As Pride Month comes to a close, I wish to acknowledge a historic marker in the ongoing fight for gay rights – the anniversary of the 1969 Stonewall Riots in Greenwich Village, New York. The riots are why June is Pride Month.

The backdrop of this touchstone toward gay rights is not complex. Gay rights 55 years ago were virtually nonexistent. Frankly, it was pretty much illegal to be gay. New York prohibited public displays of affection within same-sex couples. New York police routinely harassed gay bars and their patrons. Greenwich Village was the birthplace of 1960s counterculture, hence the perfect incubator for the modern LGBT movement. The Stonewall Inn on Lower Manhattan’s west side was the most popular gay bar in NYC, probably because it allowed dancing. Its many transgender patrons prompted frequent police raids to enforce a ban on crossdressing.

Early June 28, 1969, police raided the Stonewall Inn. As patrons fought back, police sensed they were in danger and barricaded themselves inside the bar. As word spread the crowd grew until reinforcements arrived to disperse them. The riots resumed the next night, however, and for several nights after.

According to the National Alliance on Mental Illness, it is important to recognize how one’s experience of sexual orientation and gender identity relates to their mental health. Recent research suggests that members of the LGBTQIA+ community are more likely to experience mental health conditions, especially depression and anxiety. Transgender individuals are significantly more at risk than cisgender individuals. LGBTQIA+ youths experience a greater risk for adverse mental health conditions and suicide.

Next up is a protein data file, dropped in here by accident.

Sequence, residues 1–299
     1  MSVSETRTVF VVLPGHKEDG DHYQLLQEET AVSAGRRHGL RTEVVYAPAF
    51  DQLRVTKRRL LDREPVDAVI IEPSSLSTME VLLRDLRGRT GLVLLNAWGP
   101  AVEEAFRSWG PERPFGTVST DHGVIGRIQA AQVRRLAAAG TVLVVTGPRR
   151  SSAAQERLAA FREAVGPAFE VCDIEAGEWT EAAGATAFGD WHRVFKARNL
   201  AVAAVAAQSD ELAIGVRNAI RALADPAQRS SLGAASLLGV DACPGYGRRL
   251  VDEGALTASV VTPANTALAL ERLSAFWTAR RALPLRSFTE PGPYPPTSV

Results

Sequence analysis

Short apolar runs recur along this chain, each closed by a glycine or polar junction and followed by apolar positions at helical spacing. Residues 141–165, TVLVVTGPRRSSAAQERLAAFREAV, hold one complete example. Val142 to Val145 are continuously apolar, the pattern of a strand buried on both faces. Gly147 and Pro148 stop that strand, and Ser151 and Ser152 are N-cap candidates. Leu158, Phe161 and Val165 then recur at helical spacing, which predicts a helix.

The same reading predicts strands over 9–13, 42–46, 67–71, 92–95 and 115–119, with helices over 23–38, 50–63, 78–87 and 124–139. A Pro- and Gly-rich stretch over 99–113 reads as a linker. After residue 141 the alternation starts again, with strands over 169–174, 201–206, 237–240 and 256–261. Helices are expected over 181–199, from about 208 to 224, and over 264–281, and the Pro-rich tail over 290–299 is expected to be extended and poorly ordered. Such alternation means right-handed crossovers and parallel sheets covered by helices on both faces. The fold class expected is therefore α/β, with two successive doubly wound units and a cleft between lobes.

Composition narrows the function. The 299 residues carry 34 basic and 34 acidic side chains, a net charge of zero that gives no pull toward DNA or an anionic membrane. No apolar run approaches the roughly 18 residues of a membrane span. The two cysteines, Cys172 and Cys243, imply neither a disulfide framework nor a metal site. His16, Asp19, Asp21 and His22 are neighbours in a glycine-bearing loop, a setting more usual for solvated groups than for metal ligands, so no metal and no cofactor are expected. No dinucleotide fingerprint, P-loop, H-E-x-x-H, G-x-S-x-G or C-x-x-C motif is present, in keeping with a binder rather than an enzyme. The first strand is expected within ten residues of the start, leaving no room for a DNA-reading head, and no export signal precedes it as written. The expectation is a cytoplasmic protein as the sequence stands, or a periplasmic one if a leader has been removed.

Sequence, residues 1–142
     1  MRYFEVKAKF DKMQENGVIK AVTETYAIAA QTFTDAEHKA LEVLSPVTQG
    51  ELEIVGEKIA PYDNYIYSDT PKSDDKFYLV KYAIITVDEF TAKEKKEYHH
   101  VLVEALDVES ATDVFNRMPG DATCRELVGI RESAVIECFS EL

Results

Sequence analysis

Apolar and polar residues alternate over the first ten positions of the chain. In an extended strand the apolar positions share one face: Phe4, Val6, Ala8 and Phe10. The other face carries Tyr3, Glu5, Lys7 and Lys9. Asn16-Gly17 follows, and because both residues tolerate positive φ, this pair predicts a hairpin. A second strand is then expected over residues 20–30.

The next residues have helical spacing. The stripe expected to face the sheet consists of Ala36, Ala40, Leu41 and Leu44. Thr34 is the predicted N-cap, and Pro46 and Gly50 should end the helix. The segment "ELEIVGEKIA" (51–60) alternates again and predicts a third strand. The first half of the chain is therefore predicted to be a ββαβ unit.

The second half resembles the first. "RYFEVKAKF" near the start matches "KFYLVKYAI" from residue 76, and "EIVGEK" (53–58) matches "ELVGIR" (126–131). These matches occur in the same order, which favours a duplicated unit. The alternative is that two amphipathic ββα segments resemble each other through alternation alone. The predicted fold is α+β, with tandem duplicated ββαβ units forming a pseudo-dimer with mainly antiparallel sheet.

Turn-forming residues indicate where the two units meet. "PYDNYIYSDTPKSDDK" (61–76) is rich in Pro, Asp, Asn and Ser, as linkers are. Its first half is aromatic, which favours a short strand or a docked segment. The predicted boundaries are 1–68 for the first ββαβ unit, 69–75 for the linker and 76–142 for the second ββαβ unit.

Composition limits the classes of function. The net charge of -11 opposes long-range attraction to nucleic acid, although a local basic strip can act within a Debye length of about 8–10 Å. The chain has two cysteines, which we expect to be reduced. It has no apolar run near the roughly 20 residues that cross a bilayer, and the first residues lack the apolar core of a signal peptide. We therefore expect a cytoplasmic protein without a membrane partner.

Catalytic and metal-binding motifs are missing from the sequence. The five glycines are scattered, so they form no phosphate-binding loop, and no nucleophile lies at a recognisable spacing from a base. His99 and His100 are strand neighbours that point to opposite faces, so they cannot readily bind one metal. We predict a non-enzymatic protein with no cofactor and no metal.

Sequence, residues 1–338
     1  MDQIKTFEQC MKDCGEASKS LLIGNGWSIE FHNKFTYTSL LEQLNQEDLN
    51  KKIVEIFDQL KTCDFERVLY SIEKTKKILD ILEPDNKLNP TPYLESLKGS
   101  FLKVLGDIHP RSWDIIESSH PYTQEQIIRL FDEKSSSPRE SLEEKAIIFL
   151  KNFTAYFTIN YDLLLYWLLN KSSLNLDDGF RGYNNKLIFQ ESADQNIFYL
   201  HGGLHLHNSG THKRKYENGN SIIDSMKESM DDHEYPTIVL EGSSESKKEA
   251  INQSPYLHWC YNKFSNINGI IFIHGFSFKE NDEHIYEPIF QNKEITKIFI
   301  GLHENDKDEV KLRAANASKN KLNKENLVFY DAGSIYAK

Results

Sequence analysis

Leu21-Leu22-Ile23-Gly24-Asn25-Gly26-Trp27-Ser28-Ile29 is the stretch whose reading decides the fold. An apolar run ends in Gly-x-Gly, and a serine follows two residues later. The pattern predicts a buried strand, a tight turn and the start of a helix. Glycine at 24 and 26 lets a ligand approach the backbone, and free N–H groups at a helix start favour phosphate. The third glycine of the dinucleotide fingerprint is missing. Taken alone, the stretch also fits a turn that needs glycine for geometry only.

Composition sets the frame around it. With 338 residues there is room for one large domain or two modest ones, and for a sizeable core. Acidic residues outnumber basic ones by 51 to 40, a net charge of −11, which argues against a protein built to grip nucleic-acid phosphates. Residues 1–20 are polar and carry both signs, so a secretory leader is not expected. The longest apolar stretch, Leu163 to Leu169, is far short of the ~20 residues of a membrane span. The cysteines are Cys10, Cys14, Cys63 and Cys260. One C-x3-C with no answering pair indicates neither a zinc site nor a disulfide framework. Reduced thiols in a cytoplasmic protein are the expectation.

People should feel free to be themselves without fear of rejection, abuse or marginalization. The trauma of having to constantly hurdle such obstacles can lead to substance use disorder, homelessness and suicide, especially among young people.

I am proud of my friends and acquaintances who occupy space in the LGBTQIA+ community. They face barriers I will never know, including wondering who will accept them as themselves. I struggle with the thought that revealing their true identity at the wrong time, in the wrong place, could lead to their demise. We can change that reality simply by listening with an open mind, asking someone about their identity instead of making assumptions, learning for our mistakes and continuously learning to be an ally.

Similarly, I am proud of my own growth relative to LGBTQIA+. People are people. Love is love. You be you. You are enough. Although it took me time to arrive, I am here.

If you or someone you love needs mental health support, call us at (847) 695-3680. We are here to help.

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